The art of collecting, reproducing, and reinterpreting the past has been an enduring force shaping cultural identity and political legitimacy in China. But who have been the key players in these ongoing processes of reconfigured pasts? What methods have they employed? And how have these practices shaped society at large? This talk, as part of my forthcoming book China's Heritage through History, tackles these questions through the example of the Orchid Pavilion gathering in Shaoxing and its calligraphy art as one of the most renowned works in Chinese history. From Imperial to contemporary China, the talk explores the role of cultural reproductions of material past in shaping knowledge transmission and social transformation. These reproductions include the imitation of calligraphy, the construction and restoration of the physical site where the gathering first occurred, and the continuation of the cultural practice of literary gatherings. Together, these reproductions revive the ambience of the ancient literary and cultural world, preserving its physical presence and cultural imagination through historical re-enactment and cultural consumption. While once reserved for elites, these practices have become accessible to the broader public through modern approaches to digitisation, calligraphy festivals, public exhibitions, and the burgeoning heritage tourism industry.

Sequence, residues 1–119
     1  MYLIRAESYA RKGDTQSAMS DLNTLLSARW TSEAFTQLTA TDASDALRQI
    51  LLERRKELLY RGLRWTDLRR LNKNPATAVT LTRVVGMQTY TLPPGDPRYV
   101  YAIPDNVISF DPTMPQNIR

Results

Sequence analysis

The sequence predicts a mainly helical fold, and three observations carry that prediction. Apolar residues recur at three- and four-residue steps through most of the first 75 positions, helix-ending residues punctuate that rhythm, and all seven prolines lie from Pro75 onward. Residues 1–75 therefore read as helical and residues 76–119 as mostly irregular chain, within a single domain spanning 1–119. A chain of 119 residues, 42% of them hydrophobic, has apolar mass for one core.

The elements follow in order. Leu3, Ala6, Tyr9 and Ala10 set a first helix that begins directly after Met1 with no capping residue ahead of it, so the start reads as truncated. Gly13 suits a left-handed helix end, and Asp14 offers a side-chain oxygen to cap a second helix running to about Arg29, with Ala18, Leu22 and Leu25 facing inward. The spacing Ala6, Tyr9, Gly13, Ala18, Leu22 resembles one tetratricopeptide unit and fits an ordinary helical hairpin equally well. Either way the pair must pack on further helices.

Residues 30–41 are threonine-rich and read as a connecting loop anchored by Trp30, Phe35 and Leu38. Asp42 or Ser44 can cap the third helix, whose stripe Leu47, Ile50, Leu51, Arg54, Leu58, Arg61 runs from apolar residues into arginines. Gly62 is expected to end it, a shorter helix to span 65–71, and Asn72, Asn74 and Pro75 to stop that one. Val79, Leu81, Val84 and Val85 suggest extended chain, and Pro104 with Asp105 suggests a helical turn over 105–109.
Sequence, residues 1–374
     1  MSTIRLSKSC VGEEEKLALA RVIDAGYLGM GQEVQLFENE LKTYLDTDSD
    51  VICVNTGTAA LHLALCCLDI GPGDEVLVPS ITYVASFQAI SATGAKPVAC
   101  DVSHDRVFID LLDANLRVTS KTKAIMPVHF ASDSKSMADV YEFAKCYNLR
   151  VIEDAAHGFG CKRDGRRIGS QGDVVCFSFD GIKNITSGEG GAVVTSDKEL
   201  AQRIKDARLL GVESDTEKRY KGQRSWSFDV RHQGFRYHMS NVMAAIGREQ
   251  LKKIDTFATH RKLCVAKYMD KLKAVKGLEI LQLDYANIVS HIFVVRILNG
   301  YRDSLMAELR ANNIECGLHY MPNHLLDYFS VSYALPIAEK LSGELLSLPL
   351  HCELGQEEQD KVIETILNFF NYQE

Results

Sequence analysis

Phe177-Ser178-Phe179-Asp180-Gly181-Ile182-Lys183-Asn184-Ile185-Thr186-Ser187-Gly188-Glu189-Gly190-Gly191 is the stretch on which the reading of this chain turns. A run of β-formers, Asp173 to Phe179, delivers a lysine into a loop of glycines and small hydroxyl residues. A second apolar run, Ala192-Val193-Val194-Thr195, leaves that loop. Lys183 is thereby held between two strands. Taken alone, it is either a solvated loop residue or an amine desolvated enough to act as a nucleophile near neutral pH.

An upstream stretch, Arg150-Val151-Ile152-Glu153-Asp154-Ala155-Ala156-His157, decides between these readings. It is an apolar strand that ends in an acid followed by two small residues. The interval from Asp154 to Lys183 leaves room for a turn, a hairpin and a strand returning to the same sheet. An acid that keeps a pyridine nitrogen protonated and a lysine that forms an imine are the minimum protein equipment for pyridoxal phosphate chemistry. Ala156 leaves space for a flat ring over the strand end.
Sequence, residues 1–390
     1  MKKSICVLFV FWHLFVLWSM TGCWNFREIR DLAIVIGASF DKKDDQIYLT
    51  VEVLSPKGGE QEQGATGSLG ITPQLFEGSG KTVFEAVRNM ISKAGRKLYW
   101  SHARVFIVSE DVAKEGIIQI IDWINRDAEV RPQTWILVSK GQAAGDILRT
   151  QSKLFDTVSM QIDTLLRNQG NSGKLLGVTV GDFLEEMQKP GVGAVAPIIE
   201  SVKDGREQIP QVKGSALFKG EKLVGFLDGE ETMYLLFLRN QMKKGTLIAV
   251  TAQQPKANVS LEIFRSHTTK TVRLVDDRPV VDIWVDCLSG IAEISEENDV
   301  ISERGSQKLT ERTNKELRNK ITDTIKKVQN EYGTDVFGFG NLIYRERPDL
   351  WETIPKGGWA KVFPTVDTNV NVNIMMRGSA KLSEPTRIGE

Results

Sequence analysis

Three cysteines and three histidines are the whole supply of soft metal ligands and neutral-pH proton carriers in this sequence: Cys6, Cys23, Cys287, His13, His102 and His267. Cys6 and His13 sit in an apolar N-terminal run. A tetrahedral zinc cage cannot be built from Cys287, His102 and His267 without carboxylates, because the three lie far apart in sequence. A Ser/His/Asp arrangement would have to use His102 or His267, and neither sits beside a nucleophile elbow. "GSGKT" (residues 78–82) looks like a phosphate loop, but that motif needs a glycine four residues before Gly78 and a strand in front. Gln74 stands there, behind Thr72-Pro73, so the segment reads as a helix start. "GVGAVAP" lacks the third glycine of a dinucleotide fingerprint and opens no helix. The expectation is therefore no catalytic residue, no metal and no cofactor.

The ANU China Seminar Series is supported by the Australian Centre on China in the World at ANU College of Asia and the Pacific.

Event Speakers

Yujie Zhu

Yujie Zhu

Yujie Zhu is an Associate Professor at the Centre for Heritage and Museum Studies at the ANU. He obtained his Ph.D. in anthropology from Heidelberg University. Yujie's research focuses on the cultural politics of the past within diverse heritage and memory spaces in China. His recent books include Heritage Tourism (2021) and Heritage Politics in China (2020).



Event speakers

Yujie Zhu